Facial Animation
Colin Urquhart
Issue: January-February-March 2023

Facial Animation

The evolution and challenges of capturing realistic facial performances.

Visionary filmmaker Robert Zemeckis has often used his movies to push the boundaries of visual effects. From the spectacular climactic clock scene in Back to the Future (1985) to the seamless interaction of real-life actors and cartoon characters in Who Framed Roger Rabbit (1988), his movies have often utilized cutting-edge technology to help bring memorable characters and stories to the screen. 

In particular, Beowulf (2007) and The Polar Express (2009) charted a revolutionary new direction for the future of the movie industry and beyond, as the first films where the CGI characters were recognizably based on real-life actors, including Angelina Jolie and Tom Hanks. They were also the first movies to use full performance capture (PCAP), where face and body motion capture and voice recording were all acquired simultaneously.

These techniques were further developed with the de-aging of Brad Pitt in The Curious Case of Benjamin Button (2008) and the pioneering performance capture process in James Cameron’s sci-fi epic Avatar (2009). Video games also started adopting similar techniques, with Activision’s Apocalypse (1998) being one of the first to use laser scanning to capture Bruce Willis in 3D, and Rockstar Games’ L.A. Noire (2011) among the first to rely on nuanced facial animation of digital doubles. Remedy Entertainment’s Xbox-exclusive game Quantum Break (2016) won awards for its in-game digital doubles of actors Shawn Ashmore and Aidan Gillen.  

For over twenty years, DI4D has been bringing animation to life through facial performance capture across movies, television, and video games. We’ve pioneered the use of photogrammetry-based 4D capture of facial performance data for many demanding projects. From capturing actor Deep Roy for the Oompa Loompas in Charlie and the Chocolate Factory (2005) to providing over four hours of facial animation for 2022’s best-selling video game Activision’s Call of Duty: Modern Warfare II, we’ve transformed the technology and pipeline for bringing digital doubles to life. 

One of the main challenges has been to give actors the flexibility and freedom to perform naturally, while capturing their facial performances accurately. The use of 4D scanning normally requires the actor to keep their head quite still while they are captured. Our DI4D PRO system comprises nine synchronized 12-megapixel machine vision cameras, all zoomed in to capture the actor’s face with the highest resolution possible. 

While the resulting 4D facial performance data is incredibly accurate, remaining still during capture can inhibit an actor’s performance, especially for a dynamic action scene. Acting is about reacting, and the requirement to capture only one actor at a time can also inhibit natural performance. It is a testament to the acting talent and directors we have worked with that so many memorable performances have been captured with the DI4D PRO system.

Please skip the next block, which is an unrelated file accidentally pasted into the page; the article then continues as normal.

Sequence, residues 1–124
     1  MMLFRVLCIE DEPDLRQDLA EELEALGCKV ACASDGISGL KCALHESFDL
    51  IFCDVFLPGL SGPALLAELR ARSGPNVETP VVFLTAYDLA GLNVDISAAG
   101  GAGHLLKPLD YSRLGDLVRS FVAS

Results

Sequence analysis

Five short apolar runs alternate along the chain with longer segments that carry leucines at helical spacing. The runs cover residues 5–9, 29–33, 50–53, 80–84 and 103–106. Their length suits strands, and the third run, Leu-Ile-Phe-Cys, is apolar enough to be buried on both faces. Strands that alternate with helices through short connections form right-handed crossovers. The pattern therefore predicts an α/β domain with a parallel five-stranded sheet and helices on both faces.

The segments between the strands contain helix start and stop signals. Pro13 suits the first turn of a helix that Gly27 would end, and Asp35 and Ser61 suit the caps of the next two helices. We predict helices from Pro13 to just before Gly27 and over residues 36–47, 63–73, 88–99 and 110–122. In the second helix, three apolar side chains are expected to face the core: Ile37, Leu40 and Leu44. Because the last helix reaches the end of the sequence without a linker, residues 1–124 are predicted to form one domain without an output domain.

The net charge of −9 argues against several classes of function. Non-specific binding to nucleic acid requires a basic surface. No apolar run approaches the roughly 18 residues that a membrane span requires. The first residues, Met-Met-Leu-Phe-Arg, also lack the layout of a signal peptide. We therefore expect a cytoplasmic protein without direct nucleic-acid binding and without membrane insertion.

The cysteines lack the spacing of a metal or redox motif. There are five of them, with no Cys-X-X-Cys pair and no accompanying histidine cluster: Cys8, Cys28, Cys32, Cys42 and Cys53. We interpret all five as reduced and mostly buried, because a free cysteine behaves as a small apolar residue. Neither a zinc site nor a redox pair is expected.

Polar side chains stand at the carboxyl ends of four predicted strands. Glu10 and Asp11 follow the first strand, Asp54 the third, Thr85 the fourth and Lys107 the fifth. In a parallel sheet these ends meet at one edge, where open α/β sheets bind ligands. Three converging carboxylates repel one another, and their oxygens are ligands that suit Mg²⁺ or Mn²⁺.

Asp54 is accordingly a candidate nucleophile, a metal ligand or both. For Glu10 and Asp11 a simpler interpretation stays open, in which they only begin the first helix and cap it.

To address the limitations of restricted actor movement, we have spent the last eight years developing and refining the ability to acquire 4D facial performance data from a helmet-mounted camera (HMC) system that actors wear.  The result is our DI4D HMC, a wireless, helmet-mounted stereo camera system designed to obtain high-quality 4D facial performance data simultaneously from multiple actors during PCAP. The ability to capture face, body, and vocal performance simultaneously in PCAP avoids the timing issues that arise when these are captured separately and “Frankenstein-ed” together in post-production. PCAP also allows actors to move freely and to play off one another, resulting in much more natural and engaging performances. 

The number, resolution, and quality of cameras that can be mounted on an HMC and worn comfortably are limited, usually to only two 3-megapixel cameras with fisheye lenses. This reduces the fidelity of 4D data that can be captured. Our recently launched PURE4D pipeline is designed to address this by combining lower fidelity 4D performance data captured from an HMC system with higher fidelity 4D expression data captured from our DI4D PRO system. This results in the best of both worlds: high-quality performance derived from PCAP and high-quality data derived from DI4D PRO, bringing us even closer to creating digital doubles that are indistinguishable from reality. 

All of the main characters in Activision’s best-selling 2022 video game Call of Duty: Modern Warfare II are highly realistic digital doubles of the actors who play them. Developer Infinity Ward used PCAP extensively in production, using stereo HMCs to capture the actors’ facial performances, which were then processed using PURE4D. This ensured that both the highest possible level of fidelity and acting quality were obtained and then transferred faithfully onto the characters, achieving a level of realism previously only seen in movie visual effects and pre-rendered game cinematics.

By using 4D facial capture, digital double characters will become increasingly indistinguishable from real life, delivering the most emotionally engaging storytelling experiences possible. As performance capture and facial animation technology continue to evolve, we will see that early promise demonstrated by pioneering filmmakers like Robert Zemeckis and James Cameron being realized increasingly across movies, television, video game and even metaverse projects. 

About the Author
Colin Urquhart, a thirty-year industry veteran and innovator in the field of facial capture and animation, is the is the CEO and co-founder of DI4D. The DI4D team has worked on a host of leading entertainment projects, including Blade Runner 2049, Call of Duty: Modern Warfare, Love, Death & Robots, and Quantum Break.
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